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中国程序化广告技术资讯网

Bloomberg:没有人能看见的网络广告,为什么还那么多人买?

viewable-iab[原文:Why There’s Still a Market for Online Ads No One Sees? Because they are cheap. via Bloomberg.com ]

前几天广告科技公司 AppNexus 宣布了一项他们认为重要的重大创新:即日起将只对确实被用户看见的数字广告收费。对于那些对程序化广告不熟悉的商家而言,这项决策似乎是一次入场邀请券。他们可以尽情试用数字广告那些复杂的目标客户追踪定位方法,然后找出能被用户看到的最佳推广方式。但大多数行业研究结果表明,只有一半的数字广告是被真实的顾客看到,其他的都只是扑了个空。

无独有偶,AppNexus 并非唯一一家想到要这么做的公司。上个月 Google 宣布,所有使用 Google Display Network(谷歌展示广告平台)推广,却没有被真实用户看到的广告都将不计入收费,而且本周它将让第三方监测再度审查 Google 在 YouTube 上投放的广告可见度。Facebook 最近也下了异曲同工的一步棋。随着越来越多的广告公司加入,对无效广告进行收费的日子似乎即将终结了。

AppNexus 的首席执行官Brian O’Kelley对这一决策有他自己的想法。他说他并不强行要求广告商只买会被人们看到的广告位,而且他认为如果这么要求的话,铁定会有广告商会站出来反对这一决策。O’Kelley认为距离无效广告绝迹的那天还早着,至少还要再等好几年。

广告商常常会买那些他们也知道没有人会看到的广告位来发布广告。在《纽约客》背面打广告比在正文前后两页打广告成本要少得多,因为正常情况下大家在摊开杂志时很少看杂志背面。通常,网页顶部的广告位比较贵,在网页底部较之便宜一些。在线广告的收费标准由技术评定每个板块的浏览量而定。

O’Kelley说网页底部的广告还会存活一段时间,因为近些年来广告商们逐渐发展出一种抢占最便宜广告位的口味。程序设计类的广告拍卖已经将广告商肩上的压力减轻了,一些计算方式比如 CPM(千人成本,指每一千人浏览该广告为单位的计价方式),市场已经慢慢接受了这种低价广告。CPM 的问题就在于它只是单纯计算网页浏览量,但有些用户并没有拉到网页底端看到广告。

viewablility-debate

买那些用户根本不会看的广告位对广告商来说无疑是一项重大浪费,但广告行业极少有人能避免这部分浪费,因为他们都想占有主要资源。O’Kelley说,广告代理公司经常会向广告商承诺降低广告费,以突出自己的竞争优势。「结果就是广告代理商到发布广告的时候都很坑爹。」

O’Kelley说,「特别有意思的一方面就是,销售员越是表现得想买广告位,广告代理公司就越有可能给他一块无人亲睐的低流量广告位。」

Deep Focus 的创始人兼董事长Ian Schafer说,广告商想通过买便宜广告维持现状的做法并不奏效,因为「当技术更新后,那种低质量的流量是难以为继的。我们现在可是活在一个科技日新月异变化着的时代。」Schafer如是说。

老生常谈的是,尽管广告商们都知道他们有一半的广告费是徒劳浪费了的,但关键的是他们并不知道是「哪一半」。不过,伴随着科技的发展,我们未来很有可能对广告投放效率的计算能精确到算出虚耗所在,但也许不是每个人都想知道这个答案。

 

 

(编译基于Tech2IPO译文,Bloomberg.com原文见下文)

Earlier this week the ad tech company AppNexus announced what it described as a major innovation: It would allow advertisers to pay only for those digital ads that are actually seen by people. To those uninitiated in the ways of programmatic advertising, this might seem like table stakes. Given all the talk about sophisticated tracking and targeting associated with digital ads, finding out which ones get viewed should be simple. But most industry studies estimate that only about half of digital ads are seen by real people.

AppNexus is not the only company trying to change that. Last month Google said advertisers using the Google Display Network wouldnt be charged if their ads weren’t seen by people, and this week it began allowing third-party auditors to double-check Google’s own claims about the viewability of ads on YouTube. Facebook recently made a similar move. With the ad tech companies getting in line, it would seem the days of paying for digital ads no one sees are almost over.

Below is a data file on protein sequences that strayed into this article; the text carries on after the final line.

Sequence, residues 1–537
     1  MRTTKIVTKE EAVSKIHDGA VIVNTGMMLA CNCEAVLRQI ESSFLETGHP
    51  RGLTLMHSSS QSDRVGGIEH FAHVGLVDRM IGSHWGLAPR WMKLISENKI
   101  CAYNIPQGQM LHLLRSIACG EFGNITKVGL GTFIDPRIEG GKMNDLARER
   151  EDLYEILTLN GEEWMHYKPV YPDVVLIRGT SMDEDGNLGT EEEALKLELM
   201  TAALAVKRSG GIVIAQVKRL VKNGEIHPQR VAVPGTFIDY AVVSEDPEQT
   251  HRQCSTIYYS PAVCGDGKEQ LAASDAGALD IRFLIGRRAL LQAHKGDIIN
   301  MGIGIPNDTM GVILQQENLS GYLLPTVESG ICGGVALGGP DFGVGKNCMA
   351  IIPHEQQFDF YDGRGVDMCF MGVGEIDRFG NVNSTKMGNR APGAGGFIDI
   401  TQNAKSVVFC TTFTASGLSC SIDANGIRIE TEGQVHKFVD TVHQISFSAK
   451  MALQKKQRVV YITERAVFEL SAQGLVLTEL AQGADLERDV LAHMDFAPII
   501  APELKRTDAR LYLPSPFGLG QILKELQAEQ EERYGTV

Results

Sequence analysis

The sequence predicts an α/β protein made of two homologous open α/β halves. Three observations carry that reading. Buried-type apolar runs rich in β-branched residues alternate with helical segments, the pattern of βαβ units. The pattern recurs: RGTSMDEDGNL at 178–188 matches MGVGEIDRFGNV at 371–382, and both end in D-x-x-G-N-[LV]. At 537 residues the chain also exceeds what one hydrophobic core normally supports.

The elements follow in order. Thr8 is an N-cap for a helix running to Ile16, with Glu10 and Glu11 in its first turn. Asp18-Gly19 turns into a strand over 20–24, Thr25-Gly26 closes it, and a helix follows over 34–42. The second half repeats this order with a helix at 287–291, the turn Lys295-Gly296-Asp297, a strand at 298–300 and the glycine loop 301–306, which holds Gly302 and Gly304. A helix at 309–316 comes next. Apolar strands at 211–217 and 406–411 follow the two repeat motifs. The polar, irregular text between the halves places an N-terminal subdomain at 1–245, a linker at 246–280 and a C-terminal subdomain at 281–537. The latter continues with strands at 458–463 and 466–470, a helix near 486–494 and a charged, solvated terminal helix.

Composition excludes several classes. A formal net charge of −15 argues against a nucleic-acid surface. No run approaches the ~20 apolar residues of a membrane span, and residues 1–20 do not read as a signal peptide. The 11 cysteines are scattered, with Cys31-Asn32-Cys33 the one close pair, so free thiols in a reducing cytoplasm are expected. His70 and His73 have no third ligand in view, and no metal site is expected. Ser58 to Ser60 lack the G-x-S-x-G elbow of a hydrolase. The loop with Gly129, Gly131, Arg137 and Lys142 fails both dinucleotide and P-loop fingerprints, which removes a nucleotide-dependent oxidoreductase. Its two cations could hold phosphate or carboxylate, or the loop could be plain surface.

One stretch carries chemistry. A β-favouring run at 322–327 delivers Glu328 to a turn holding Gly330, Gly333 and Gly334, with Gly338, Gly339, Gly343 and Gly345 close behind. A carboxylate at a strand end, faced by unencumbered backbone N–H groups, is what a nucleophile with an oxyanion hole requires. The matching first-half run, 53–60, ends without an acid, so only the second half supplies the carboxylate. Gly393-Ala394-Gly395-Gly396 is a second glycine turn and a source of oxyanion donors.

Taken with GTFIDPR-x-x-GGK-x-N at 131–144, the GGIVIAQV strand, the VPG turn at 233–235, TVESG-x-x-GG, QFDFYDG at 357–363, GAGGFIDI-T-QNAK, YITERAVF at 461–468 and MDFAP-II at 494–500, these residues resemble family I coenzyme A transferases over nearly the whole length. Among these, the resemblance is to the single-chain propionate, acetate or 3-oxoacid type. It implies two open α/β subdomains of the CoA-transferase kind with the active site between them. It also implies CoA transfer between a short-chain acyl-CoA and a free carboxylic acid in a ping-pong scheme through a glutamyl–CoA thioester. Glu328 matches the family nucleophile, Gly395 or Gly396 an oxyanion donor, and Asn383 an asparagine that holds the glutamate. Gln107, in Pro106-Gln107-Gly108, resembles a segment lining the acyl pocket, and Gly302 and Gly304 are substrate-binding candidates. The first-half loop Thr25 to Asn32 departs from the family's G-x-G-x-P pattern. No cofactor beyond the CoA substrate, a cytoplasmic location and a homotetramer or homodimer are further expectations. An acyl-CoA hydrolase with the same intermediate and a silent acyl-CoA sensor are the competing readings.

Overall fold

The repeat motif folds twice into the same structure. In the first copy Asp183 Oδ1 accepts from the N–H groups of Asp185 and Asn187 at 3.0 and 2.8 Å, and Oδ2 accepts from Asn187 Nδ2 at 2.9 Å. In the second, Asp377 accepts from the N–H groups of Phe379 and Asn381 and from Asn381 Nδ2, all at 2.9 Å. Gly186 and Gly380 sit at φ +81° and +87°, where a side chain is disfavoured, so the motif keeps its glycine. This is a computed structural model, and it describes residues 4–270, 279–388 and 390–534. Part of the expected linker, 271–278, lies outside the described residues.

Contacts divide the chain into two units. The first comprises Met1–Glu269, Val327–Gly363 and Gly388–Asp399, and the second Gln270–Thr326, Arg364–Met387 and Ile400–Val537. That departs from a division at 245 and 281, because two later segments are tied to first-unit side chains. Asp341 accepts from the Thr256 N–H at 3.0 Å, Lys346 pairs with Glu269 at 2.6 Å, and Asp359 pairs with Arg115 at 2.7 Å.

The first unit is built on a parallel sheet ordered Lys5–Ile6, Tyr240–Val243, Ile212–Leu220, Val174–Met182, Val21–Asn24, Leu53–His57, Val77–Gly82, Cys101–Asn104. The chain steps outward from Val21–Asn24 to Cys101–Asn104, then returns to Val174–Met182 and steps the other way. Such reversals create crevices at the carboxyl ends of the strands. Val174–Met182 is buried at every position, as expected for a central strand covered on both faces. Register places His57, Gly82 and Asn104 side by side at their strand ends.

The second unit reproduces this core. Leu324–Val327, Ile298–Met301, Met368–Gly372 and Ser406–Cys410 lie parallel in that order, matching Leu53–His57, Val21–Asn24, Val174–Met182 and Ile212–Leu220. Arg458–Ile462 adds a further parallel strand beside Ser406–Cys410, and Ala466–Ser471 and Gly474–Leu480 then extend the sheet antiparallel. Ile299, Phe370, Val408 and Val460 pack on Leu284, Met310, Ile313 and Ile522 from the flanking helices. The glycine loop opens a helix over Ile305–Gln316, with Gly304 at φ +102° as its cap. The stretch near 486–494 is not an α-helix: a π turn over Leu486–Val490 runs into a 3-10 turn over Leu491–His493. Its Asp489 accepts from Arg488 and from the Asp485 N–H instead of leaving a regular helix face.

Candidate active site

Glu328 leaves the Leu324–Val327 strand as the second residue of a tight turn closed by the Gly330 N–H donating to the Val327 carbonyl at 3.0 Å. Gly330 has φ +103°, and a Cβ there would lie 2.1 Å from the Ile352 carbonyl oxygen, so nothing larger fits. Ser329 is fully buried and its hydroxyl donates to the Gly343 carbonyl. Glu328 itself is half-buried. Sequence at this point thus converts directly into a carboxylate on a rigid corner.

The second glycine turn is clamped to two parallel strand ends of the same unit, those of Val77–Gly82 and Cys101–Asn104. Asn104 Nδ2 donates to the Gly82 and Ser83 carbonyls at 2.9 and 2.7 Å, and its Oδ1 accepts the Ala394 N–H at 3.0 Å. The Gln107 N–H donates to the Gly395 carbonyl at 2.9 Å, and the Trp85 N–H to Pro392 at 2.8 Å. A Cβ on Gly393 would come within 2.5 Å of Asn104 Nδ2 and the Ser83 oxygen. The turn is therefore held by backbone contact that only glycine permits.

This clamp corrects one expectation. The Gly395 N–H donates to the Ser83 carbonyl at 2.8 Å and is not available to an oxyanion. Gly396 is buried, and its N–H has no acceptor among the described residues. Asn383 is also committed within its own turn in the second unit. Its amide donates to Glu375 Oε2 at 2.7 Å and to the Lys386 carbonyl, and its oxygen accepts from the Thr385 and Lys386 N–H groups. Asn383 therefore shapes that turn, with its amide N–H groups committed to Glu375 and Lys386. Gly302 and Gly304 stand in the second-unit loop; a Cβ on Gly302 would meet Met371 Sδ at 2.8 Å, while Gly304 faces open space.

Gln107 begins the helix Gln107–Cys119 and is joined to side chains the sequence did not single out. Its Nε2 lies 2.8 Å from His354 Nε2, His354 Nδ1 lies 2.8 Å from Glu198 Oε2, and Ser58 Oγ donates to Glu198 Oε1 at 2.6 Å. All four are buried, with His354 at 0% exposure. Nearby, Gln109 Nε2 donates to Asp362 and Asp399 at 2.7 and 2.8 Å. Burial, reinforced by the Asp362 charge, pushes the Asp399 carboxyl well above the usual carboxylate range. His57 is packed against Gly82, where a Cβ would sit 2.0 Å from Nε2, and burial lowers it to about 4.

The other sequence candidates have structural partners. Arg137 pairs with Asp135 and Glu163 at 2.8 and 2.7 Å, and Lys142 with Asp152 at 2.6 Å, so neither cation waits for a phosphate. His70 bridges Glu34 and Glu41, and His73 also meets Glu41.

Brian O’Kelley, the chief executive of AppNexus, doesn’t think so. He says that he won’t force advertisers to buy only those ads that are seen by people, and he predicts that some will decide against it. According to O’Kelley, it will be several years before the market for nonvisible ads dries up.

Advertisers have always paid to place ads that they know people aren’t seeing. An ad in the back of the New Yorker costs less than that one next to the table of contents because fewer people will look at the page it’s on. Online, an ad at the bottom of a page is cheaper than one at the top. The difference with Web ads is that it’s technically possible to find out exactly how few people see it.

Ads at the bottom of Web pages will survive for a while, O’Kelley says, because advertisers have developed a taste for the cheapest option available.  Programmatic advertising auctions have put a downward pressure on ad rates as measured by CPMs, or cost per thousand times an ad is shown, and marketers have got used to the low prices. The problem is that the CPM metric measures page impressions but not always whether someone has actually scrolled down to where the ad is shown.

Buying ads that no one sees can obviously be a huge waste for advertisers. But not all people in the industry see getting rid of waste as their primary incentive. Specifically, says O’Kelley, ad agencies often have to promise advertisers lower ad rates as a way to land competitive deals. “That pushes agencies to do really weird things,” he said. “One really interesting aspect of this is that procurement for marketers may effectively be forcing agencies to buy nonviewable impressions.”

Advertisers are preserving the status quo by choosing cheap ads that don’t work well, said Ian Schafer, founder and chairman of the ad agency Deep Focus. “As technology improves, there’s no reason to live with that lower quality. You’re talking about a transitional period,” Schafer said.

The cliche is that advertisers know that half of their budgets are wasted, but they just don’t know what half. It is becoming increasingly possible to figure it out, but it may be that not everyone wants to know the answer.